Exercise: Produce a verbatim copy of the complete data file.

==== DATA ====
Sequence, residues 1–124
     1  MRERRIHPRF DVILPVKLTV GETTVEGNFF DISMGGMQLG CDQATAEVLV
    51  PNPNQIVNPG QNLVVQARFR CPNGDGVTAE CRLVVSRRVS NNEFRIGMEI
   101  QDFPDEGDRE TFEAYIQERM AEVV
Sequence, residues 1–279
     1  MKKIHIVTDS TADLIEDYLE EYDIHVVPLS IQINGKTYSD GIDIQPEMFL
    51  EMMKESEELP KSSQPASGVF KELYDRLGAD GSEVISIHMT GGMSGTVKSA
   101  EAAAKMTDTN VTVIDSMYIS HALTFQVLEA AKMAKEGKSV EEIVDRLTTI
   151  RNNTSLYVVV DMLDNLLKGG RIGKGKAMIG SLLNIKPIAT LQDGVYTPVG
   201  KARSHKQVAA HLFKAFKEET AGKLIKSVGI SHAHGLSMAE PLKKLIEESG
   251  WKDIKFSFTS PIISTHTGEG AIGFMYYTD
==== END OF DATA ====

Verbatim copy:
Sequence, residues 1–124
     1  MRERRIHPRF DVILPVKLTV GETTVEGNFF DISMGGMQLG CDQATAEVLV
    51  PNPNQIVNPG QNLVVQARFR CPNGDGVTAE CRLVVSRRVS NNEFRIGMEI
   101  QDFPDEGDRE TFEAYIQERM AEVV
Sequence, residues 1–279
     1  MKKIHIVTDS TADLIEDYLE EYDIHVVPLS IQINGKTYSD GIDIQPEMFL
    51  EMMKESEELP KSSQPASGVF KELYDRLGAD GSEVISIHMT GGMSGTVKSA
   101  EAAAKMTDTN VTVIDSMYIS HALTFQVLEA AKMAKEGKSV EEIVDRLTTI
   151  RNNTSLYVVV DMLDNLLKGG RIGKGKAMIG SLLNIKPIAT LQDGVYTPVG
   201  KARSHKQVAA HLFKAFKEET AGKLIKSVGI SHAHGLSMAE PLKKLIEESG
   251  WKDIKFSFTS PIISTHTGEG AIGFMYYTD